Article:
“This is like the days of Noah to me: as I swore that the waters of Noah should no more go over the earth, so I have sworn that I will not be angry with you, and will not rebuke you. For the mountains may depart and the hills be removed, but my steadfast love shall not depart from you, and my covenant of peace shall not be removed,” says the Lord, who has compassion on you. (Isaiah 54:9-10)
A few weeks ago, I heard someone say, “Everything you’ve ever wanted is on the other side of fear.” I’d never heard that quote before, and it really stuck with me. I’ve had my own dust-ups with fear, plenty of times. I’ve known panic. I know what it feels like to wake up in a cold sweat in the wee hours, terrified. I have turned away from fear too, denying it, as if denial could make the thing I feared go away. I don’t talk about my fears very much because I don’t like to breathe more life into them than they have already. Besides, they come and go, depending on whatever seems to be spinning out of control.
Years ago, I became good friends with a fellow I worked with. He was older than me and the son of a Pentecostal preacher, so we had some things in common in our church experiences. One night after supper in Columbus, Nebraska—we were working there—we had a long conversation about God. “Don’t get too close to Him, Lisa,” my friend said. “He always takes more than He gives.” I was an earnest and enthusiastic Christian, and I’m sure my friend—speaking from his own years of trying to live with religion—only wanted to prepare me for the time when my rose-colored perspective of God would be slapped down by reality.
I don’t think my friend was alone in his point of view about God. I think a lot of people feel it’s best to avoid Him. And their reasons are probably as varied as they are. Some people look around this twisted, callous world and think, Why would I have anything to do with a God who’s responsible for all this suffering? Or if He isn’t responsible for it, at least He permits it to happen. Other people are brokenhearted, having endured sudden catastrophes or slow-moving curses that destroyed persons or things they cherished. They might say, “Thanks a lot, God. For nothing.”
But I had a different view of God, even way back then, when my friend and I talked about Him. God had rescued me, mostly from myself, and I was as devoted as a frightened puppy who’s finally been welcomed into a forever home. I had already found the passage from Isaiah 54 quoted above, and I had begun to believe that the one thing I could count on—indeed, the only thing I could count on—was God’s unfailing love for me, no matter what. No matter me.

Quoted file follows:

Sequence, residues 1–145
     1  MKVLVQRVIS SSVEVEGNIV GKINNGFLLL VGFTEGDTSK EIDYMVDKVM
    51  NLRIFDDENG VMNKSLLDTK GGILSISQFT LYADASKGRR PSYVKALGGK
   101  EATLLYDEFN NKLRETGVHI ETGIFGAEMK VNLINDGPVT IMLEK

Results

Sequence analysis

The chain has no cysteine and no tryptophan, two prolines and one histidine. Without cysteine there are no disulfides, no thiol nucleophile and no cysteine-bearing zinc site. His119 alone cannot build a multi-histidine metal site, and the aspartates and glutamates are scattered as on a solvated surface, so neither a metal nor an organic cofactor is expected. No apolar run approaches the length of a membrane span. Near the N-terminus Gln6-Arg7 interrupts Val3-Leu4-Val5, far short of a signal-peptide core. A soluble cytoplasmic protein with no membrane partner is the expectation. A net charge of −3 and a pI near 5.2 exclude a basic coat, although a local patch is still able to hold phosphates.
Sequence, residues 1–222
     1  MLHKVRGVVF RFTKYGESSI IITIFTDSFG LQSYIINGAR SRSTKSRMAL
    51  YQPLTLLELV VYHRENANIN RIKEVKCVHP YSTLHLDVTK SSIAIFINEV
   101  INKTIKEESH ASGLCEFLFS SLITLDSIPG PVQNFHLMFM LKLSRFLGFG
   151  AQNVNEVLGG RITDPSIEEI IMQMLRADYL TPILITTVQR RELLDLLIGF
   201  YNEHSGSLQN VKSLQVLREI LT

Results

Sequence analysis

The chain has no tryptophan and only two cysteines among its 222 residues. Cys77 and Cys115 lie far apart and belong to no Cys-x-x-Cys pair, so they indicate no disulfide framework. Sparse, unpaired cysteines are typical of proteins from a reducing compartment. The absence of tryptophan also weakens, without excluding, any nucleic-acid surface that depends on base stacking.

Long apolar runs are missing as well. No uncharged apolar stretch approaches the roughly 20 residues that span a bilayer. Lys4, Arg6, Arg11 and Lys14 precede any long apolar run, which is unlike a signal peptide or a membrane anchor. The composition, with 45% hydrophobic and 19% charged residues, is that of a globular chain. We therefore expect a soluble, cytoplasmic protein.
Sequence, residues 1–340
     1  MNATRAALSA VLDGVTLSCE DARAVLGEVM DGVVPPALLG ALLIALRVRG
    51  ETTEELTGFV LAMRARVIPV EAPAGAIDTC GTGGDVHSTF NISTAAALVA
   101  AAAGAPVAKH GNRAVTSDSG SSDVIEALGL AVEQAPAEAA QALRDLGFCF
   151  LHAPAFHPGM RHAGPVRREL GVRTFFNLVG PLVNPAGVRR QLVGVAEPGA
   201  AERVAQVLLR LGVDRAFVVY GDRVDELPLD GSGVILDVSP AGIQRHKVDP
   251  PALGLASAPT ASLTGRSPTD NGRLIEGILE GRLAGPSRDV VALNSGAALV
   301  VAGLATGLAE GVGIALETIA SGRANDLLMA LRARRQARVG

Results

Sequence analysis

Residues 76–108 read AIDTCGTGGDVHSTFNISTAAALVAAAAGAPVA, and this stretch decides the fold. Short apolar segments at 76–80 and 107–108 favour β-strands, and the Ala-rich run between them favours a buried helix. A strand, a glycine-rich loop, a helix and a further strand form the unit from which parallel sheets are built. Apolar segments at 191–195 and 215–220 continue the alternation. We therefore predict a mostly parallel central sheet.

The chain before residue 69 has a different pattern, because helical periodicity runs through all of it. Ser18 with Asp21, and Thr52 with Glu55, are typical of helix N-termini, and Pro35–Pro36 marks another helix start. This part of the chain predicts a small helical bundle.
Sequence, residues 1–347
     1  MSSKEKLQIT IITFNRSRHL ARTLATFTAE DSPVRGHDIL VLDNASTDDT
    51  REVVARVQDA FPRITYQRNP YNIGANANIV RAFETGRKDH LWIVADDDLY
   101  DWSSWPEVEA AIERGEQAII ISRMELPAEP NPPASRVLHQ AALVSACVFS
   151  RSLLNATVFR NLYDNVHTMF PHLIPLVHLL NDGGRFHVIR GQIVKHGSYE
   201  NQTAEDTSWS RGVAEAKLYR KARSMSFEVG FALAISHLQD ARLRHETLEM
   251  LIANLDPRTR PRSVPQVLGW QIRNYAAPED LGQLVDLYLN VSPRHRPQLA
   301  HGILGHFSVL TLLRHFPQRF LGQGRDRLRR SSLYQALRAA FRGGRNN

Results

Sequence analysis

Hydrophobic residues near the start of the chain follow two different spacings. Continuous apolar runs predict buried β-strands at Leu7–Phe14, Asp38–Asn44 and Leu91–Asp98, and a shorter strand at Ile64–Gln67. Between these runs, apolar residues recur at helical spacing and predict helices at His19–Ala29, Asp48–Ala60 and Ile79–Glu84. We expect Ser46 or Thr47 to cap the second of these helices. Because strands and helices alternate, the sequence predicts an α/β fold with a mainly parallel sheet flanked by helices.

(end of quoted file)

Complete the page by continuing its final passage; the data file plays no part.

But even more important, I began to believe in another realm—in another reality, if you want to put it that way. A world as different from earth as Oz is from Kansas. And like Oz, which existed on the other side of the rainbow, a symbol of God’s covenant of peace, this other reality—the Kingdom of Heaven—exists on the other side of a different covenant of peace: the cross of Christ.
Everything I’ve ever wanted is on the other side of Jesus’s cross. When I was a new Christian, I found a passage in Paul’s letter to the Galatians that seemed to have been written to me, “I have been crucified with Christ; it is no longer I who live, but Christ lives in me; and the life which I now live in the flesh I live by faith in the Son of God, who loved me and gave Himself for me.” I first read those words almost half a century ago, and they mean even more to me now than they did then, when they were a lifeline to a girl who could not escape herself.
Everything I’ve ever wanted is in Jesus. He gave me a new heart and a new mind. He gave me courage. But most of all, He gave me a home: the Kingdom of Heaven. My new reality on the resurrection side of the cross is as different from this twisted, callous world as Oz was from Kansas. It’s as different as life is from death. There’s no going back.
I’m not alone in my point of view either. My heart swells every time I see other believers worshiping with abandon, lost in His love. Like in this video: The Blessing with Kari Jobe and Cody Carnes. If you’ve watched worshipers and wondered where they go when they close their eyes and turn their faces skyward, when they raise their hands and voices, I can answer that question. They’ve gone to the Kingdom of Heaven, the realm of the Spirit, where dull, drab earth falls away. They are renewed there, and they come back refreshed and reminded that they don’t belong to this world. They are just passing through.
So, happy Good Friday. Go in peace. Be blessed. And I’ll see you on the other side.